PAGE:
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Grateful Dead Albums: The Best of the Rest

From Seventies and Eighties studio gems to top-shelf live recordings from throughout their career to Jerry Garcia’s finest solo record.

Photo illustration based on a photograph by GAB Archive/Redferns/Getty Images

The Grateful Dead are America’s greatest cosmic rock and roll band, but for listeners their voluminous recorded history can be a bit daunting — especially when you start wandering the forked paths of their seemingly bottomless live catalog. Earlier this year, Rolling Stone included the Dead’s pair of 1970 country-rock classics, Workingman’s Dead and American Beauty, on our list of the 500 Greatest Albums of All Time. After you’ve scarfed down those landmark records (of if you already have), here are 10 more must-hear albums from throughout the band’s career.

Related: Grateful Dead Ultimate Album Guide

From Rolling Stone US

‘Dick’s Picks Volume 12’ (1998)

It’s almost hard to go wrong with 1972-4 live Dead. The tsunami of marvelous new material, the brotherly onstage bond of Garcia and Weir, and the lithe playing of Keith Godchaux and Bill Kreutzmann (handling the drums himself at that point) resulted in an extraordinary run. Among the many standouts from his period is this combination of shows from Boston and Providence, Rhode Island, at the dawn of summer 1974. Early classics like “China Cat Sunflower” cozy up alongside more recent songs like “Eyes of the World,” which especially soars here. A monstrous post-“Weather Report Suite”  jam, which highlights Garcia’s guitar squall and Kreutzmann’s jazz chops, is worth admission alone: The very thought that an arena band would tear down its music onstage, then slowly rebuild it over the course of nearly a half hour, is still a wonder for the ears to behold. DB

‘May 1977: Get Shown the Light’ (2017)

 After producer Keith Olsen prodded them into rehearsing and polishing during the making of Terrapin Station, the Dead emerged a firmer, more focused unit. Their run of shows right after, in the spring of 1977, proved what old-fashioned buckling down could do. OIsen helped tighten up Kreutzmann and Hart’s combined drumming, and the newfound brawniness of the rhythm section seemed to fuel the rest of the band. The highlight of this multi-disc box is the band’s famed night at Cornell University’s Barton Hall. Whether they’re swaggering through “Deal,” enriching Garcia’s sweet ballad “They Love Each Other” or digging into one of the all-time classic versions of “Fire on the Mountain,” the Dead mean business in a very different, competing-with-the-big-boys way.  DB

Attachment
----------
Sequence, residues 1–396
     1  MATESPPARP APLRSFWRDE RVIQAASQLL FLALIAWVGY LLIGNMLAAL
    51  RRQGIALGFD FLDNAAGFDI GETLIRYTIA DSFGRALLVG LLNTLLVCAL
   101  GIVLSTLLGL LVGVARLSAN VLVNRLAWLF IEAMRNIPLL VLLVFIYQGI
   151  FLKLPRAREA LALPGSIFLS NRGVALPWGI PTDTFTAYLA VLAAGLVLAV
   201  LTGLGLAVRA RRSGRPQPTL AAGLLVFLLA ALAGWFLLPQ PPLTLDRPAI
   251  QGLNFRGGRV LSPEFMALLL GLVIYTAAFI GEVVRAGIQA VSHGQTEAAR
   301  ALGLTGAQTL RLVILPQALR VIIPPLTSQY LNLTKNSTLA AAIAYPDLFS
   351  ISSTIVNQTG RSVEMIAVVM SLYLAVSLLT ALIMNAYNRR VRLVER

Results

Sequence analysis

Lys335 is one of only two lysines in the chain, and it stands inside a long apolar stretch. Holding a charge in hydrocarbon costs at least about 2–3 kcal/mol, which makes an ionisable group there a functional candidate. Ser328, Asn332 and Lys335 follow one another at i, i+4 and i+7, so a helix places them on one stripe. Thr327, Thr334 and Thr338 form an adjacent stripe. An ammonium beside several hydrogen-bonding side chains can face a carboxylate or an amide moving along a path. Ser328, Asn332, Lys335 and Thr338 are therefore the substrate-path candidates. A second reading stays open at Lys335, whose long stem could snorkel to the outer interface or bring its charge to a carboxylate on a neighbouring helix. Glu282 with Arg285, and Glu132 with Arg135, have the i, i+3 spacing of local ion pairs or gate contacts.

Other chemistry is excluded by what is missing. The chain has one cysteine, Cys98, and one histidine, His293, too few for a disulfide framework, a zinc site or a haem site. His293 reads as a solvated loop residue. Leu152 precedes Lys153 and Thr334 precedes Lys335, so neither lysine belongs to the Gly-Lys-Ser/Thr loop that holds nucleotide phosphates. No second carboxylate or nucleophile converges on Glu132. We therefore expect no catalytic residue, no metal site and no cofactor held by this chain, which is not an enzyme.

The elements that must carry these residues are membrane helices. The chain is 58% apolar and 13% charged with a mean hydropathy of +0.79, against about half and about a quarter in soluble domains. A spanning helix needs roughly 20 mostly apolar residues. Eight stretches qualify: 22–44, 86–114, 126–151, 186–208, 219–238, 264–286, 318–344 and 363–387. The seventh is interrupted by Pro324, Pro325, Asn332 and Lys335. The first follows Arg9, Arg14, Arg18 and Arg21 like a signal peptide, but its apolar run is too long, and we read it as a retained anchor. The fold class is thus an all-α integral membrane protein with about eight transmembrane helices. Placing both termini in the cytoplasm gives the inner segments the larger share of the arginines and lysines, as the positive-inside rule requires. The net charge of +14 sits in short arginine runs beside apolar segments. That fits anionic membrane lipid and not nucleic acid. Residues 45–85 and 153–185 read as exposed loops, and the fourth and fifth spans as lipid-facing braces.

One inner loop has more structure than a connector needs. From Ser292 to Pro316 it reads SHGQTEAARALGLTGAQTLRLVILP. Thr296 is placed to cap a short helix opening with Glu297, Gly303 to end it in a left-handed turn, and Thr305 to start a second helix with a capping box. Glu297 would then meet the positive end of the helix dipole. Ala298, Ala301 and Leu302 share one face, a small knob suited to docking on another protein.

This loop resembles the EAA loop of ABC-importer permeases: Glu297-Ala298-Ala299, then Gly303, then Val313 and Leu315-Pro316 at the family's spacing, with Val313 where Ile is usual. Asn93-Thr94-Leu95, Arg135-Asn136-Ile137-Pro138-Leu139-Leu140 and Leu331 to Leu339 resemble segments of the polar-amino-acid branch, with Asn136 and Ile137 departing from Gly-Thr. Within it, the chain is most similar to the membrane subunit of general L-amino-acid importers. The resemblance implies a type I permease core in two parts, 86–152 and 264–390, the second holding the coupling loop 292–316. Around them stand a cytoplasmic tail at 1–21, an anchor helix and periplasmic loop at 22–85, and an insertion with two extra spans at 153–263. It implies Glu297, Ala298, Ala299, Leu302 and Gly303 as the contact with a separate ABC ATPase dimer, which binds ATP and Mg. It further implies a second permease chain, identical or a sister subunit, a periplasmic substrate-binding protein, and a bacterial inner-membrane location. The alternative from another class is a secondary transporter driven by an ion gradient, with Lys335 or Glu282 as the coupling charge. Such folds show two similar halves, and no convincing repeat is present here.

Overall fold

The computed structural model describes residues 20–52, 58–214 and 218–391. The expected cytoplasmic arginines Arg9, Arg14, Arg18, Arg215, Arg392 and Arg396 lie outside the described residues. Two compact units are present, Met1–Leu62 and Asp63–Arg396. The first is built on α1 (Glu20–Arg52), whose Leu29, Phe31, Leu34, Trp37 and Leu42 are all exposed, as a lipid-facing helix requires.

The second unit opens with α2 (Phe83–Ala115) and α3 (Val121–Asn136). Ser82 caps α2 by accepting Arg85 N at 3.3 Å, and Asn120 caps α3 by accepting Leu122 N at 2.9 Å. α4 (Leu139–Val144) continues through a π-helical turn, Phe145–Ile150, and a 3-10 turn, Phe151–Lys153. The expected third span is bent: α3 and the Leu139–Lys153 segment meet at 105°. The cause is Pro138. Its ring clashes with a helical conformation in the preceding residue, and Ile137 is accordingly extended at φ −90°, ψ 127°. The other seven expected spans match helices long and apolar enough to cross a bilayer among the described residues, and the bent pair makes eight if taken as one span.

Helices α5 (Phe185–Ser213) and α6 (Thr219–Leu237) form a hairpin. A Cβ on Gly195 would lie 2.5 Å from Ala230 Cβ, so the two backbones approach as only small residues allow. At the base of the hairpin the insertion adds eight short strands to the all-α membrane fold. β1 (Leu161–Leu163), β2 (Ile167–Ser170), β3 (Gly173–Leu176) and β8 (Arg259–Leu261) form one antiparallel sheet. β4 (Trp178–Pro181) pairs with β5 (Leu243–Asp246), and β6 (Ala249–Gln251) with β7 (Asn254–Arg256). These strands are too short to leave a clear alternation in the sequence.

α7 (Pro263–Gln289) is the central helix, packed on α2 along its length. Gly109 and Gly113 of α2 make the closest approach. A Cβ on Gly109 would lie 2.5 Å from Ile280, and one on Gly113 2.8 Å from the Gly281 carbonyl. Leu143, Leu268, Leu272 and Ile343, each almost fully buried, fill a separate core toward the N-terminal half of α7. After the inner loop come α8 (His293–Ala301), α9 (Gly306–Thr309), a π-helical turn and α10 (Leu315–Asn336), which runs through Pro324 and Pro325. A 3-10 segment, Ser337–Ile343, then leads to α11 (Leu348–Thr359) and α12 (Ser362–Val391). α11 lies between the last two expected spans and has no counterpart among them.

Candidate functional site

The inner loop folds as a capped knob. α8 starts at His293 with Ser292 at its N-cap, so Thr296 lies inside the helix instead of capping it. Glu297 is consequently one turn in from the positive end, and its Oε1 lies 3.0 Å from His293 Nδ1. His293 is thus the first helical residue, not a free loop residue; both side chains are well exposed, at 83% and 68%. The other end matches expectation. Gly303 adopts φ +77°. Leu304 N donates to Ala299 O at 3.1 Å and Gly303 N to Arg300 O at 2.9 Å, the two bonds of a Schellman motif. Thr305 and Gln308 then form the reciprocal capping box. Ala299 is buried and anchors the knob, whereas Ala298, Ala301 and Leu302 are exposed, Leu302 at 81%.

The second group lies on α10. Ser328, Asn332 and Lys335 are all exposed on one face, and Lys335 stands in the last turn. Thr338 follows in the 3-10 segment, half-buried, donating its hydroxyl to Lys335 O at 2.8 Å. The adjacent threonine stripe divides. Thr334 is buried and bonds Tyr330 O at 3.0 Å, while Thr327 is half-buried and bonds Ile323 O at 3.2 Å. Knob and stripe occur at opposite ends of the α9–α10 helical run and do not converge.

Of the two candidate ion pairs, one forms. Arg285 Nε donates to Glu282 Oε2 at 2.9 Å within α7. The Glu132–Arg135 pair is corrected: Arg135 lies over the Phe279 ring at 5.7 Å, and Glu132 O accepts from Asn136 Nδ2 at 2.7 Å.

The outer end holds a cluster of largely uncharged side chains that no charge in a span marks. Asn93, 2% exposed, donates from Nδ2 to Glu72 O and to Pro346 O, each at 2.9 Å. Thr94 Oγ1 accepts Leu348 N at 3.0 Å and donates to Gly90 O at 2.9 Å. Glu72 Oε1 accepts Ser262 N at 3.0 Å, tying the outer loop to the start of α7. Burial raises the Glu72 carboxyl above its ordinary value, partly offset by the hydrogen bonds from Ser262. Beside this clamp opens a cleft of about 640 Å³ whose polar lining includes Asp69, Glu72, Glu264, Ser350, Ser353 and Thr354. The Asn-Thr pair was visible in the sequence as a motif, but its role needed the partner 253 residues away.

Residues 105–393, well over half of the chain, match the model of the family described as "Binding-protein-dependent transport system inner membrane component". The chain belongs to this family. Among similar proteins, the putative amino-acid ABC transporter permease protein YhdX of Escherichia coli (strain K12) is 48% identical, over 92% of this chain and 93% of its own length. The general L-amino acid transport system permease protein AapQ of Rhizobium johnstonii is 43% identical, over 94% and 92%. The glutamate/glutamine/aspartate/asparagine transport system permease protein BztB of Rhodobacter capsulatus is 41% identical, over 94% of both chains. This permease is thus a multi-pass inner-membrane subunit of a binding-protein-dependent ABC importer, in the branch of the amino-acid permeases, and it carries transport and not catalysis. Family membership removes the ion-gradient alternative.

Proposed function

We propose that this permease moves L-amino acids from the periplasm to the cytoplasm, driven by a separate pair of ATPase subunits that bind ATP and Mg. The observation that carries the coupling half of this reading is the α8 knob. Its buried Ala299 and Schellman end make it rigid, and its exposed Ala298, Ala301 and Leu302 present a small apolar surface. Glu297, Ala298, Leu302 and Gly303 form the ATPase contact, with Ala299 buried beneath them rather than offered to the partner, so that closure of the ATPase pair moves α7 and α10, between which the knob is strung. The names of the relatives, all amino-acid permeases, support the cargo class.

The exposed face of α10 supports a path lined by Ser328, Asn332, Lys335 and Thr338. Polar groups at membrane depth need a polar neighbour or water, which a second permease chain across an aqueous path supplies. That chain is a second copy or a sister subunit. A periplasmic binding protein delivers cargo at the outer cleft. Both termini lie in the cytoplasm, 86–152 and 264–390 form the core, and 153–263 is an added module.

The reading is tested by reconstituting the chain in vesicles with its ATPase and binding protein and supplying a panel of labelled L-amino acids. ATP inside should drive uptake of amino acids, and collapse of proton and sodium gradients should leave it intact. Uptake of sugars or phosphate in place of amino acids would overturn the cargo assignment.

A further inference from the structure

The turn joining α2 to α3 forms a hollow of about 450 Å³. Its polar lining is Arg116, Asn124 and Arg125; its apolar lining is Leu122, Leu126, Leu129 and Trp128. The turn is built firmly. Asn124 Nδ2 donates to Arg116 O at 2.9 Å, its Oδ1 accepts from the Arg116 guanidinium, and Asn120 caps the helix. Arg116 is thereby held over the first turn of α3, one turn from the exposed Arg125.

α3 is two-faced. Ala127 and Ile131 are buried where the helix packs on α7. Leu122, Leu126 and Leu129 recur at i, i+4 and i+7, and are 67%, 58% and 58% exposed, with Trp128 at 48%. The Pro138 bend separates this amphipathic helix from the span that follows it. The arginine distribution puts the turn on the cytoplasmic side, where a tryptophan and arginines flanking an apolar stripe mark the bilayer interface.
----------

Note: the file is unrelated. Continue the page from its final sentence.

‘In the Dark’ (1987)

Late-arrival Deadheads know it for “Touch of Grey,” the most uplifting song ever written about a drug hangover. But the Dead’s miraculous comeback during the peak-MTV era has plenty more to recommend it, from Garcia-Hunter’s majestic “Black Muddy River” to frisky Weir moments like “Hell in a Bucket” and the prescient world-collapse rocker “Throwing Stones.” For the first time in many years, they sounded energized about making a record, which shows in their sharp, snap-to-it instrumental interaction: After previous failed attempts, their onstage team spirit came through in a studio, and their weathered aura now had a sense of grace. DB

‘Wake of the Flood’ (1973)

Their first studio album after a series of live LPs, as well as the first after the death of Ron “Pigpen” McKernan, 1973’s Wake of the Flood found the band with a surfeit of great material, like the light-touch anthem “Here Comes Sunshine,” the languid country-rock entreaty “Row Jimmy,” and “Eyes of the World,” a dappled five-minute gem that would be stretched to 20 in coming years of elastic live jams. Moments like “Weather Report Suite,” also saw them exploring jazz-rock fusion, a clear break from the hippie-blues of the Pigpen era. Wake of the Flood might seem somewhat minor coming after landmarks like Workingman’s Dead and American Beauty but it’s a lovely transitional LP, the sound of the band easing into the Seventies. JD